The conversation flowed, the pizza was good and the night out lasted longer than I expected, and so I accepted an invitation to stay over, rather than have to make my way back to the wilds of North London alone.

Back in Poplar, the four of us: me, my friend, her friend and her boyfriend talked, laughed, reminisced, ate cold leftover pizza and slowly wound down from a great evening out, and eventually, she and her boyfriend made their way upstairs to bed (after lending me a t-shirt and some shorts to sleep in) leaving her friend and I alone downstairs.

I knew by this point that I was attracted to him, but didn't think he was interested in me so I'd pretty much written off the idea of anything happening between us and was just enjoying the conversation. As it goes, I was wrong and I will never forget our first kiss.

We didn't sleep at all that night.

We talked, and kissed, and talked a lot more, and at some point in the wee small hours of the morning, I took an enormous leap of faith and told him some deeply personal stuff. The sort of stuff you wouldn't normally tell someone you met less than 12 hours previously, but it felt important and it felt right.

I don't think I've ever been as scared in my entire life, nor as elated when he didn't run screaming, and in that moment, the course of my life changed in ways I couldn't begin to imagine or appreciate.

We spent the day together, not really wanting that first flush of togetherness to end, even though we'd already made plans to meet up again the next night.

When I eventually got back home to north London I was exhausted and delirious, overwhelmingly happy and at the same time, feeling like a part of me was now missing. I knew then that I'd met the person that I wanted to spend the rest of my life with.

I was desperate to tell my flatmate, but when my flatmate opened his door as he heard me come up the stairs and told me that my shower had leaked and dye-filled water and showed me the red streaks down his wall I collapsed on the stairs leading up to my room and cried my eyes out for a full ten minutes as he looked on in confusion and that mixture of panic and discomfort that men get when they're around a crying woman and don't know what to do. It wasn't that it was a disaster, but I was just so emotionally jangled that it was too much and I couldn't cope with it.

I had no idea then that I'd be where I am now.

It hasn't been easy. We've had our ups and downs like any couple, but even though he's currently lying in bed having contracted Swine Flu and we're not out celebrating like we planned, it doesn't matter.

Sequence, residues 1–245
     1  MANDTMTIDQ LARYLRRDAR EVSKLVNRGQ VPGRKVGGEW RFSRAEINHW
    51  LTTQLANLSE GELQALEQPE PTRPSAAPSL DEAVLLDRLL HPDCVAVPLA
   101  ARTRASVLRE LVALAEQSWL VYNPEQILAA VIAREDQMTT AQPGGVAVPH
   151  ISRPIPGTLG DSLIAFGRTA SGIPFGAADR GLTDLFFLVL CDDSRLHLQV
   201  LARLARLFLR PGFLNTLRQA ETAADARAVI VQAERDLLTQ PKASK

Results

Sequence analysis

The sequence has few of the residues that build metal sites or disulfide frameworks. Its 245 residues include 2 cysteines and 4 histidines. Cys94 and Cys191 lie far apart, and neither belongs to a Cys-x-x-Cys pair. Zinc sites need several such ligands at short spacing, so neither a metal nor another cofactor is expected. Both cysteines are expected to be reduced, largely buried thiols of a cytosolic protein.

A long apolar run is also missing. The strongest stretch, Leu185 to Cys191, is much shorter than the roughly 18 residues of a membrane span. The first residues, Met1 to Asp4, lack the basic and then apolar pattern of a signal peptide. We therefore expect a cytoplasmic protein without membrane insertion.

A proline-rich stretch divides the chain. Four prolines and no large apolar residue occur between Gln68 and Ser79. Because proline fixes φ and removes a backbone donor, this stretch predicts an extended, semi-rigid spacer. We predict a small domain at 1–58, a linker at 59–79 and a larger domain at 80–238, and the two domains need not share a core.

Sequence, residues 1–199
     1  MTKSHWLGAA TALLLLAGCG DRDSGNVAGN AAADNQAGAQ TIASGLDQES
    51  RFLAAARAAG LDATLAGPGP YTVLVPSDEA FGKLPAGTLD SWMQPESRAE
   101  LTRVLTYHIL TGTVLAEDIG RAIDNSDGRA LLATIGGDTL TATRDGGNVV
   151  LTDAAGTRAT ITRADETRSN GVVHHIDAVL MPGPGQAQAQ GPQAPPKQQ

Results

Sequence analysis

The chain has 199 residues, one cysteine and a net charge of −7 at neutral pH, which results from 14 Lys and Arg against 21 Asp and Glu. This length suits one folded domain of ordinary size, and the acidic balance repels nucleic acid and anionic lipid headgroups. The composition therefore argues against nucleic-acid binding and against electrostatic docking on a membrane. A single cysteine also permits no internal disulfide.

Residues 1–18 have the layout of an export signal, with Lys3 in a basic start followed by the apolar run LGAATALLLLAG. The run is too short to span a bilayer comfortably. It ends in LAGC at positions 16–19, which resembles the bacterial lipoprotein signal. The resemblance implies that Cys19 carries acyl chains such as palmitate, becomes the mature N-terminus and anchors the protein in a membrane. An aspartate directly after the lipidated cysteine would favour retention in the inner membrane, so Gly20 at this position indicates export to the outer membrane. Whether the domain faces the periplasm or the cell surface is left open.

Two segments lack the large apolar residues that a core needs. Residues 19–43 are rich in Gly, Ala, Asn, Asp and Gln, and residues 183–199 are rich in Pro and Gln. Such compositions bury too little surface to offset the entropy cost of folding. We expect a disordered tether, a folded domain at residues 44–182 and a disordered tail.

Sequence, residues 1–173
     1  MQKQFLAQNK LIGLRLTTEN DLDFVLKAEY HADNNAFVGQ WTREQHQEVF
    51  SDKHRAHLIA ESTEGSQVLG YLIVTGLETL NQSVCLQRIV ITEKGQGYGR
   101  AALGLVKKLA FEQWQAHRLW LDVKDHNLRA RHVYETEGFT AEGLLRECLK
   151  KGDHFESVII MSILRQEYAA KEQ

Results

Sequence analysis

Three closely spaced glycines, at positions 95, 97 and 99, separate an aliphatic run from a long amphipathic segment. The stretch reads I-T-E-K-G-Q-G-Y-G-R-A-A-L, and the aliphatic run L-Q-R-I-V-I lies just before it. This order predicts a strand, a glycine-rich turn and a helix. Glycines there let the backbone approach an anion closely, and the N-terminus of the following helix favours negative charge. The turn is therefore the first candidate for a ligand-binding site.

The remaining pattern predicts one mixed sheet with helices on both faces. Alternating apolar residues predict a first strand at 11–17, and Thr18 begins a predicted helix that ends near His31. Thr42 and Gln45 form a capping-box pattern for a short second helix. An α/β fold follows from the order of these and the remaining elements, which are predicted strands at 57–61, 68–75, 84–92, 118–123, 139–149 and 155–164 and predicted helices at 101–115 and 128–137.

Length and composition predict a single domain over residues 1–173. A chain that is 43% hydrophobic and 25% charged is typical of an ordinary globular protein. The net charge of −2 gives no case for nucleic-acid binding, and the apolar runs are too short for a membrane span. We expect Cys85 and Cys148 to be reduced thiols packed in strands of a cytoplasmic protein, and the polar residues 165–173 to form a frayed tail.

All that matters is that I love this man with every fibre of my being, and he loves me too, and there is nothing better in all the world than that.

Three years is just the beginning, and now I have something that's really worth remembering on the 5th of November.

Eight Years in London

All this Bristol malarkey has taken over my brain to the extent that my eight year anniversary of moving to London passed without thought or remark. So much has happened since I got in that van with my sister on the 28th of September 2001 and we set off for points south (me to London, her to Dover).

I realise that I've now spent almost a quarter of my life in London, and until recently didn't see a life outside of it, but it's funny how the world turns…

If you'd asked me six months ago where I thought I'd be living in eight years time, I'd probably have said London.


Who knows. I certainly don't.

I'm looking forward to finding out though.


62.365: Dad

I remember listening to Radio 4 in the car on the way home from wherever, and sitting in the car outside the house because we were halfway through "I'm Sorry, I Haven't A Clue" or somesuch, and we wanted to hear it til the end.

I remember going to computer fairs and buying bits and pieces and building computers together on the kitchen table.

I remember how every visit to anything had to include a stop for a "cup of tea" which almost always involved cake.

I remember "The Goon Show" re-enacted, voices and all.

I remember sitting on wooden stools in the kitchen until my bum went numb, watching the TV or talking about things.

I remember the flat bottomed handwriting, because he always wrote against a ruler, except near the end, and that shaky, unflat handwriting still breaks my heart.

I remember the stupid Tandy beachball that blew out of my hands on Lossiemouth beach and running into the North Sea after it, afraid I'd get in trouble for losing it. I remember him running after me to stop me from going too deep, and telling me it didn't matter, but that he wished I'd dropped his (unread) copy of the Glasgow Herald before I ran into the water.

I remember having Dr Seuss read to me when I was ill with tonsilitis.

I remember him cooking "proper" fish and chips in batter at home once, when mum went away for a couple of days, and how it felt so rebellious and tasted all the better for it.

I remember him telling me to go live my life and not put everything on hold waiting for him to die.

I remember so much.

I miss him so much.

I can't believe it's been seven years.